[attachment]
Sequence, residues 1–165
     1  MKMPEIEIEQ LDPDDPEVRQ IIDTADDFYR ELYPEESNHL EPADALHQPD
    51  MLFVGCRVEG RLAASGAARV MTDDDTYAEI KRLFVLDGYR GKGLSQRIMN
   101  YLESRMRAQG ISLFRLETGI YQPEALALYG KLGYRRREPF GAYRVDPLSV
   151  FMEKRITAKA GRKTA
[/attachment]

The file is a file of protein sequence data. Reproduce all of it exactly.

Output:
Sequence, residues 1–165
     1  MKMPEIEIEQ LDPDDPEVRQ IIDTADDFYR ELYPEESNHL EPADALHQPD
    51  MLFVGCRVEG RLAASGAARV MTDDDTYAEI KRLFVLDGYR GKGLSQRIMN
   101  YLESRMRAQG ISLFRLETGI YQPEALALYG KLGYRRREPF GAYRVDPLSV
   151  FMEKRITAKA GRKTA